Bots and trolls aside, some of us may find our devices useful in making sense of the forthcoming election: to research candidates and polling places, request an absentee ballot, or get texts and updates from our favored office-seekers. But the “device”—in its more archaic meaning of an emblem, logo or design—took on a different significance in past American elections.
Late in the 19th century, some Kentuckians could still cast a vote by voice, but others going to the polls were liable to be handed a ballot printed not by an election authority but by a particular political party. One glance at the distinctive colors and markings of such “tickets” allowed voters to quickly register their preference, but unfortunately the process also made their votes public and, once deposited in the box, eligible for remuneration from the candidate with the deepest pockets and fewest scruples.
Kentucky’s mandate of a secret ballot in 1891 sought to diminish opportunities for fraud, but concern remained for the then-large number of voters who were unable to read. Accordingly, the state’s election law of 1892 prescribed the steps by which candidates, whether nominated by a party or put forward by petition, could appear on a ballot: in addition to “a brief name or title of the party or principle which said candidates represent,” they were to include “any simple figure or device by which they shall be designated on the ballots.” It could be “any appropriate symbol,” with a few exceptions: “the coat-of-arms or seal of the State or of the United States, the national flag, or any other emblem common to the people at large, shall not be used as such device.”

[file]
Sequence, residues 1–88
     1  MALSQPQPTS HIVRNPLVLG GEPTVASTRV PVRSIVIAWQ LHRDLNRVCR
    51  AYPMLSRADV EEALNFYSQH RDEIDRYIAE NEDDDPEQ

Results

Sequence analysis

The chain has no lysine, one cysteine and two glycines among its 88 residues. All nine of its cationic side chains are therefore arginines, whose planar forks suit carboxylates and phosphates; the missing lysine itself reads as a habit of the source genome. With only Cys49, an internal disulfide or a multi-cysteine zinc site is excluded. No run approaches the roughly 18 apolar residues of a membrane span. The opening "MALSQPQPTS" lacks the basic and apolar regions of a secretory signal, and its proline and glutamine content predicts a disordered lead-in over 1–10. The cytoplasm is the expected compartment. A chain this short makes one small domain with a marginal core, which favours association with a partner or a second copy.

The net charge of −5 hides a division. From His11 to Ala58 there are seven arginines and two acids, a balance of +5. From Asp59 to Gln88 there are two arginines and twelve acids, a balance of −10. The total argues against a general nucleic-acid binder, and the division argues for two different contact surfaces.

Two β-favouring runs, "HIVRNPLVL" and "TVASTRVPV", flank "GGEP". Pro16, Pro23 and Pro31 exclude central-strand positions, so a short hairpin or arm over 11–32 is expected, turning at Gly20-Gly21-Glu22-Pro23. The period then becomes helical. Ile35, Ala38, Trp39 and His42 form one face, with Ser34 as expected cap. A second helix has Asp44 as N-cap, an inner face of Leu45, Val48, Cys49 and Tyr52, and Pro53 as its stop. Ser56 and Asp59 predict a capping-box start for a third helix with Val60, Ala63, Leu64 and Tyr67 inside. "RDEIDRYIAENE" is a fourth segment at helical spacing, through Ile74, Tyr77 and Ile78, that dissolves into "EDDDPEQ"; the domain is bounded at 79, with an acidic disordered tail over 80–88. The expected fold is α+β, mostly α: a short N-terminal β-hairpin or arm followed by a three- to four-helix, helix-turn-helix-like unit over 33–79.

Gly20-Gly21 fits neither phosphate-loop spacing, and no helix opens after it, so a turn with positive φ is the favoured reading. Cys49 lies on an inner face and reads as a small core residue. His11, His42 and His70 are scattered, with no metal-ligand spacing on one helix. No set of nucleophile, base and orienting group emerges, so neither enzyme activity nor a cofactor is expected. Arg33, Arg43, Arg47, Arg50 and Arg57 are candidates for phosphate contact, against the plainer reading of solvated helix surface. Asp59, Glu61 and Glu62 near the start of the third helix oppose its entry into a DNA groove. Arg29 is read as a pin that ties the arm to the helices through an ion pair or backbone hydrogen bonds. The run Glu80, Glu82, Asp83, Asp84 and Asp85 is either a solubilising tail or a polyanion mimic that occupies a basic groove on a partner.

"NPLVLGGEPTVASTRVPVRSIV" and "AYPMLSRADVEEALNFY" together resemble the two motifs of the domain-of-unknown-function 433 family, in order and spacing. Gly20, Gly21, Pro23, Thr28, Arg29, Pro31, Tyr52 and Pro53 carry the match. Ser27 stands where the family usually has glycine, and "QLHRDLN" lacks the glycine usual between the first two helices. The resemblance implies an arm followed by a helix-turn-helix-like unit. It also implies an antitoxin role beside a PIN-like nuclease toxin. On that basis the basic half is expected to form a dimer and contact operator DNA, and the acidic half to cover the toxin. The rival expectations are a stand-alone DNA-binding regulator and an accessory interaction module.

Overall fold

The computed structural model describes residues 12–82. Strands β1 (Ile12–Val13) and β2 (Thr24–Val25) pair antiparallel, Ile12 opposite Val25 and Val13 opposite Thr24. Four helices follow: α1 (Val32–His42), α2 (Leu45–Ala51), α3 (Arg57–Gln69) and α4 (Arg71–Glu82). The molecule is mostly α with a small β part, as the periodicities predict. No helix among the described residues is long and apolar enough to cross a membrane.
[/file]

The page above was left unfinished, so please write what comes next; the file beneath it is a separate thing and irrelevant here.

In October 1901, the Warren County, Kentucky clerk received instructions from Secretary of State Caleb Breckinridge Hill for balloting in the forthcoming state and local elections. As long as each of four parties had at least one candidate entitled to appear, their devices were to be shown as follows: “a game cock in the act of crowing” for the Democrats; a “Log Cabin” for the Republicans; “the Plow and Hammer” for the People’s Party; and “a Phoenix” for the Prohibition Party. The ballot should further display beneath each emblem the prescribed large circle in which voters could place an “X” indicating their endorsement of the straight party ticket. From there, it was up to the voters. Left to their own devices, on November 5 the county gave the Democratic ticket the lion’s share (or rooster’s, perhaps?) of 2,920 votes cast.
These ballot instructions to the Warren County Clerk are found in the Manuscripts & Folklife Archives of WKU’s Department of Library Special Collections. Click here for a finding aid. For other collections on elections and balloting, search TopSCHOLAR and KenCat.
P. S. Need help this year? Check your ballot. . . the “devices” are still there!